It appears this sentence was written over one and a half centuries ago. Its structure and grammar are a bit outdated and considered unusually formal by today's standards. There is a couple of grammar points in this sentence worthy of analysis.
(just) as + clause, so + clause
This structure is very formal and dated-sounding, used to draw a comparison between two things. It is useful because it compares two clauses which can go very long. This function made it a handy tool for formal writing in the olden days.
used to compare two people or things, when they are similar
Just as the French love their wine, so the English love their beer. (Longman)
used for showing that there is a connection between two situations or actions
Just as the body needs regular exercise, so too an engine needs to be run at regular intervals.(Macmillan)
Another thing to note is that this sentence also employs a subject-auxiliary inversion in the second clause. The word "so" often leads an inverted elliptical clause to express agreement or sameness/similarity.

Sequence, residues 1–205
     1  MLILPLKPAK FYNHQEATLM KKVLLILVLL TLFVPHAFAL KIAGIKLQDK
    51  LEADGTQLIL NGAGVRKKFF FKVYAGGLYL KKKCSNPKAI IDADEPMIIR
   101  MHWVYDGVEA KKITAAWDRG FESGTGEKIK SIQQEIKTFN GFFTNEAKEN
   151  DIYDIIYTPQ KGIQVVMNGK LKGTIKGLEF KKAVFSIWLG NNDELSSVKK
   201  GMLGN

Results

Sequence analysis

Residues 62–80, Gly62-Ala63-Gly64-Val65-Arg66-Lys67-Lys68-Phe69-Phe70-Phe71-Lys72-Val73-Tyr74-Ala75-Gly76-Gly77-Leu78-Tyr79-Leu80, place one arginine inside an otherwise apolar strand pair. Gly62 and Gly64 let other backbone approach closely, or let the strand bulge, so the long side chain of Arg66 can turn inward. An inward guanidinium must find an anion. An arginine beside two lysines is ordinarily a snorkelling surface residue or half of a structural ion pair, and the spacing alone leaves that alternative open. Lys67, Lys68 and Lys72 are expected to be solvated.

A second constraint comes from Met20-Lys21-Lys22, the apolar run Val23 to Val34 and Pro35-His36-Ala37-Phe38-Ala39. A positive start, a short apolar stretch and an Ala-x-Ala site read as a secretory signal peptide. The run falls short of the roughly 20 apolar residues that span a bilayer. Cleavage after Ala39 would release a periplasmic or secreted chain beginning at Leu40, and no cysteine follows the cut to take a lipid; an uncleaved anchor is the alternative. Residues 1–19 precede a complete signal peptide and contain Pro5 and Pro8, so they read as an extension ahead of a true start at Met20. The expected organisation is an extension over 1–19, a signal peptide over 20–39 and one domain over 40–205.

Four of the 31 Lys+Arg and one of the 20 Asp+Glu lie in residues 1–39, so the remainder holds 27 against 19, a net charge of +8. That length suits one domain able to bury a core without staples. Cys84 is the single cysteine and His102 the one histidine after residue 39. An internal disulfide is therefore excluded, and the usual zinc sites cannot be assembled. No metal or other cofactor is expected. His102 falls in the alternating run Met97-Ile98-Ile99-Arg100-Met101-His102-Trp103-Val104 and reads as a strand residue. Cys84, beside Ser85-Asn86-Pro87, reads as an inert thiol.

"I like chocolate ice cream." "So do I."
"She should sign up now. So should you."
The sentence in you example goes further in that it is not elliptical, which means it does not omit any structural elements in its comparison of the two clauses and has both clauses fully written out.
"Admit of" is a phase meaning to allow or to permit.
Having gone over all the relevant grammar points, now we can look at the sentence on the whole. All these put together, we get:
The origin and progress of the United States are unparalleled in history. In a similar way, her (referring to the United States as a nation) political career and prospects should not be compared to the rise and fall of ancient republics.